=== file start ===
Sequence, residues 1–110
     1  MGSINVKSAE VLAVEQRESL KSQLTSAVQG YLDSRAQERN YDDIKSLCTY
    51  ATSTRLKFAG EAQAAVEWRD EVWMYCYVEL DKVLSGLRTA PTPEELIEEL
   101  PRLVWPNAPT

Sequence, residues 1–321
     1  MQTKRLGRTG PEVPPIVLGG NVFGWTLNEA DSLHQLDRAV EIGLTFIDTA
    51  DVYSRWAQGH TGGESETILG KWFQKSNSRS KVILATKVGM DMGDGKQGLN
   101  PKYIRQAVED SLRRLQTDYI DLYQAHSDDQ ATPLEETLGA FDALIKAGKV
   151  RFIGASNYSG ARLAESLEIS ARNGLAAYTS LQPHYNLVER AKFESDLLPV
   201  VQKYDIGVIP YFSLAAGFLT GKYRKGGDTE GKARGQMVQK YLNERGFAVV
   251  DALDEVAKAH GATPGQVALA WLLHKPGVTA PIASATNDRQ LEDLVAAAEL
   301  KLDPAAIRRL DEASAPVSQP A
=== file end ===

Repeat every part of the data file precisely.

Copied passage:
Sequence, residues 1–110
     1  MGSINVKSAE VLAVEQRESL KSQLTSAVQG YLDSRAQERN YDDIKSLCTY
    51  ATSTRLKFAG EAQAAVEWRD EVWMYCYVEL DKVLSGLRTA PTPEELIEEL
   101  PRLVWPNAPT

Sequence, residues 1–321
     1  MQTKRLGRTG PEVPPIVLGG NVFGWTLNEA DSLHQLDRAV EIGLTFIDTA
    51  DVYSRWAQGH TGGESETILG KWFQKSNSRS KVILATKVGM DMGDGKQGLN
   101  PKYIRQAVED SLRRLQTDYI DLYQAHSDDQ ATPLEETLGA FDALIKAGKV
   151  RFIGASNYSG ARLAESLEIS ARNGLAAYTS LQPHYNLVER AKFESDLLPV
   201  VQKYDIGVIP YFSLAAGFLT GKYRKGGDTE GKARGQMVQK YLNERGFAVV
   251  DALDEVAKAH GATPGQVALA WLLHKPGVTA PIASATNDRQ LEDLVAAAEL
   301  KLDPAAIRRL DEASAPVSQP A